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All About Massive Open Online Courses (MOOCs)
The education world has changed dramatically due to recent strides in technology and the internet. Massive Open Online Courses (MOOCs) are a great example of the way that new technologies have managed to expand educational access. In this article, we’ll go over all of the benefits of MOOCs and help you decide whether they are a good fit for you. Let’s get into it!
How much do MOOCs cost?
Here’s perhaps the most appealing thing about MOOCs – you can take any of them for free! All of these resources are available for the general public, meaning anyone with an internet connection can make an account and enroll free of charge.
In rare cases, some aspects of a MOOC may be hidden behind a paywall, but there is always at least some aspect of the class that is entirely free, and more often than not, they are completely free of charge.
Who offers MOOCs?
A wide range of different institutions offer MOOCs at this point, including some of the country’s most prestigious institutions like Princeton and Yale. This means that you can take courses designed by some of our country’s top professors, free, from the comfort of your living room.
Many institutions use a third-party service to administer the courses; although the materials are prepared by the institution, sites such as Coursera and edX offer an interface to help you browse materials and submit your assignments.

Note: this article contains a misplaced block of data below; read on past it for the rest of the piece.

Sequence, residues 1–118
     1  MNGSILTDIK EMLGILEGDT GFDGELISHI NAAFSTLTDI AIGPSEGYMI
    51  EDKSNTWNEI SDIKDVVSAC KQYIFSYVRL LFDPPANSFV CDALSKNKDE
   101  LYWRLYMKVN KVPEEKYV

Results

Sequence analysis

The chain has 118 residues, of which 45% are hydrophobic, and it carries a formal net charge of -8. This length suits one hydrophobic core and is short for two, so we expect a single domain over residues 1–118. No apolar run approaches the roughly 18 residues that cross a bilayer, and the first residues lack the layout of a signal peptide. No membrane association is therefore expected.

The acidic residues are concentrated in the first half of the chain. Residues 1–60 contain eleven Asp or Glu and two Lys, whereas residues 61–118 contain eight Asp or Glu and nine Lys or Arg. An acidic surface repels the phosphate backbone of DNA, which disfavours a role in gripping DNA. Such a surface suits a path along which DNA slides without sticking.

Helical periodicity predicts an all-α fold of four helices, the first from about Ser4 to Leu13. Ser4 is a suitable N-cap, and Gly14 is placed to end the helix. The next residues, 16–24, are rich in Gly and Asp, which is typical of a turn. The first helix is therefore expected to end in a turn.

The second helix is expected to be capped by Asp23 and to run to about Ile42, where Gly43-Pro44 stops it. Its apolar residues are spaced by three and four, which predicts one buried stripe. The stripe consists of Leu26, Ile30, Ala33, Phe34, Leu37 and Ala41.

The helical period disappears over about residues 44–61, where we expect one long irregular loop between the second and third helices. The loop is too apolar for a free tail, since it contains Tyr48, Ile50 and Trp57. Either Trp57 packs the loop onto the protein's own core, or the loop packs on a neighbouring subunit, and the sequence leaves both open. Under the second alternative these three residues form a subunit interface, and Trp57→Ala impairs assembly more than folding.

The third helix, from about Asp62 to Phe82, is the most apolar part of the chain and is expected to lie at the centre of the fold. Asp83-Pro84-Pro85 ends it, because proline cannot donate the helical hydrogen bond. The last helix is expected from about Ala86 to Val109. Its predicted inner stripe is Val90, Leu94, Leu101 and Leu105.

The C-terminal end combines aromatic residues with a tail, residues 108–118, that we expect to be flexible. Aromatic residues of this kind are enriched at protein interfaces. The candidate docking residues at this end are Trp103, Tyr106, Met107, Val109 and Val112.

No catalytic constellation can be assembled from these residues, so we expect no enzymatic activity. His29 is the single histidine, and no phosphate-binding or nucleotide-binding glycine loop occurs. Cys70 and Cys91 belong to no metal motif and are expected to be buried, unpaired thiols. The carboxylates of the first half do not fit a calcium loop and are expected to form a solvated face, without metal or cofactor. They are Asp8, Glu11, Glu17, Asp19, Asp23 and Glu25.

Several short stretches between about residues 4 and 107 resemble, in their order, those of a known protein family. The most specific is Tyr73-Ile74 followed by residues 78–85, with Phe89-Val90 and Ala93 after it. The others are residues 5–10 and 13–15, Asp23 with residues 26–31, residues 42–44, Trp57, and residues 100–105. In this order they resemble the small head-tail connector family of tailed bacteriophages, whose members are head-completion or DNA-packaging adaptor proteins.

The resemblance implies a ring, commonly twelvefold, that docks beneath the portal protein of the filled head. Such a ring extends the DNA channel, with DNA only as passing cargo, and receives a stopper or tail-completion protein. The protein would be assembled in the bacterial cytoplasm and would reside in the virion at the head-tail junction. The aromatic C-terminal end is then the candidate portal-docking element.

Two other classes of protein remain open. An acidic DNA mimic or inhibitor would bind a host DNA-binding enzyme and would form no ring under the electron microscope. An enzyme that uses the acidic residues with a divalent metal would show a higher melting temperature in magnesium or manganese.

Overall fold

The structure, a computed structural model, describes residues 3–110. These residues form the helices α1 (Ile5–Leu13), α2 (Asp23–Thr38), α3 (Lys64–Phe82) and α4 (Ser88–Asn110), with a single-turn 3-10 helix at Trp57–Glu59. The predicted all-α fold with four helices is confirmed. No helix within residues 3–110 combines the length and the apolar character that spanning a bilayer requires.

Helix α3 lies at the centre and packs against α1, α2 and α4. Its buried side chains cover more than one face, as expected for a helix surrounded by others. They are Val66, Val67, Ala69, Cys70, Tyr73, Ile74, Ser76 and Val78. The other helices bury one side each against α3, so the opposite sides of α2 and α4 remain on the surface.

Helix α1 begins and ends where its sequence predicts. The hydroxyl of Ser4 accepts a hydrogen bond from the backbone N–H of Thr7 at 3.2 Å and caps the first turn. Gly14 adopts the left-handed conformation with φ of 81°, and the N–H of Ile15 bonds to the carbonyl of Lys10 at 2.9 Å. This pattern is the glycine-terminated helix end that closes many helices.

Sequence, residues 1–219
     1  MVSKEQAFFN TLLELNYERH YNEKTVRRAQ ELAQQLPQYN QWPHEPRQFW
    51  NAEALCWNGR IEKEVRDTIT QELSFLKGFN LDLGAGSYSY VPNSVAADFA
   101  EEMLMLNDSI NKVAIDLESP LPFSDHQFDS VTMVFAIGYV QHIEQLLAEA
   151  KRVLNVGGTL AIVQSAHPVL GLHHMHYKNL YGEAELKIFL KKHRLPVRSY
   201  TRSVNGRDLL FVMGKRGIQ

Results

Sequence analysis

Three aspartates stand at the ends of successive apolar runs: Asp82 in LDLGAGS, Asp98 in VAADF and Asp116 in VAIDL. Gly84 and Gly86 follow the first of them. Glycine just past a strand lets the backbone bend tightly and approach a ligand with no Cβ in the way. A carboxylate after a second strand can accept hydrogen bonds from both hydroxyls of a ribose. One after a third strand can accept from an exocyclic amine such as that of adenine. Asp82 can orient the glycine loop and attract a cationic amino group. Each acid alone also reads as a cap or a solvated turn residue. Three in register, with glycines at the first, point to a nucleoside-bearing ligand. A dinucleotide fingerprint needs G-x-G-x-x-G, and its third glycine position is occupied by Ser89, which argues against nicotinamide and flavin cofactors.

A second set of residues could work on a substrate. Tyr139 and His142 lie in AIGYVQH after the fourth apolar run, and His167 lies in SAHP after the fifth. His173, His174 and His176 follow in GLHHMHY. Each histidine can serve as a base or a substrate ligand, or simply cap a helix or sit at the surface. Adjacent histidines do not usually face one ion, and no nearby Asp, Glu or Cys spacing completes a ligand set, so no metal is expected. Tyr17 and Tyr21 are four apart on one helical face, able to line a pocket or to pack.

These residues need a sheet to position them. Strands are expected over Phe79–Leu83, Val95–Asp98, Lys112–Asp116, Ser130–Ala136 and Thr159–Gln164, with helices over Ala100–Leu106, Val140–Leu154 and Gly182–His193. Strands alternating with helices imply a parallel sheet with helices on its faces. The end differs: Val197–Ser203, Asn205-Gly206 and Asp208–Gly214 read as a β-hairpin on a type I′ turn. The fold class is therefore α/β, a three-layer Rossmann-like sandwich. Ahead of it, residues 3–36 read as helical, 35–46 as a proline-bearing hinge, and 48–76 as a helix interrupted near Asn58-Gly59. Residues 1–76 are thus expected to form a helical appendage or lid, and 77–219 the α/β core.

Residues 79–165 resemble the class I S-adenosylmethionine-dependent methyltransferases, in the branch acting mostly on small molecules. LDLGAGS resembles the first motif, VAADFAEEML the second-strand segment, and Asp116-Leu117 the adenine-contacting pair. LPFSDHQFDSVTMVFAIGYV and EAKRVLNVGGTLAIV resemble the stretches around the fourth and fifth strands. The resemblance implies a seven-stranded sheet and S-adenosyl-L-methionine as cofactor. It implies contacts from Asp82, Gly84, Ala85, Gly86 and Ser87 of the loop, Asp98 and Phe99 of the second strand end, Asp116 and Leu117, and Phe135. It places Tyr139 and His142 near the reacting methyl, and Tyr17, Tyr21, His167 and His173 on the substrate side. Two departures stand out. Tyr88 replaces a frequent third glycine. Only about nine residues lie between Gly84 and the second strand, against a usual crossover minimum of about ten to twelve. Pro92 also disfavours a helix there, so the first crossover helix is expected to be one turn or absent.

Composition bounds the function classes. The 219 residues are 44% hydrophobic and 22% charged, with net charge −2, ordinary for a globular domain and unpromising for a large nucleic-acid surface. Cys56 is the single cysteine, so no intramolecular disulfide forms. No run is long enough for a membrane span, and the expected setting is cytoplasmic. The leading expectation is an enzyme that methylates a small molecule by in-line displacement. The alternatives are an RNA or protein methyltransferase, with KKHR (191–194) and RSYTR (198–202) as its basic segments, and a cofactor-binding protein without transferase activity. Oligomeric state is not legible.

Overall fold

How do I enroll?
Enrollment will look different depending on the course you take and the institution offering it. Some schools will refer you to third-party hosting services, while others allow you to enroll directly on their website.
Typically, all you’ll have to do is provide some basic information about yourself and create an account with an email and password. Some courses allow you to enroll and start at any time you’d like, whereas others might have you sign up and wait for a set date when the course will begin.
How does grading work?
Grading and assignments can vary by class – typically, if the course includes assignments and tests at all, they are either automatically-graded, or peer-reviewed. Since MOOCs are free, they cannot employ anyone to grade your assignments by hand. However, some MOOCs offer an optional hand-graded assessment at the end for a fee if the student wants to earn a certification from the class.
What is the schedule like?
MOOCs typically have a very flexible schedule. The lectures and materials are usually all pre-recorded and accessible at any time that you wish over the course of the class. They usually give you up to 16 weeks to complete all the material, and if you are not seeking a certification, you can always re-enroll the next semester if you don’t complete it in your given time span.
Overall, MOOCs have a uniquely laid-back schedule, and if you enroll in one, rest assured you won’t have to make any great compromises in your schedule.
Can I earn college credit for taking MOOCs?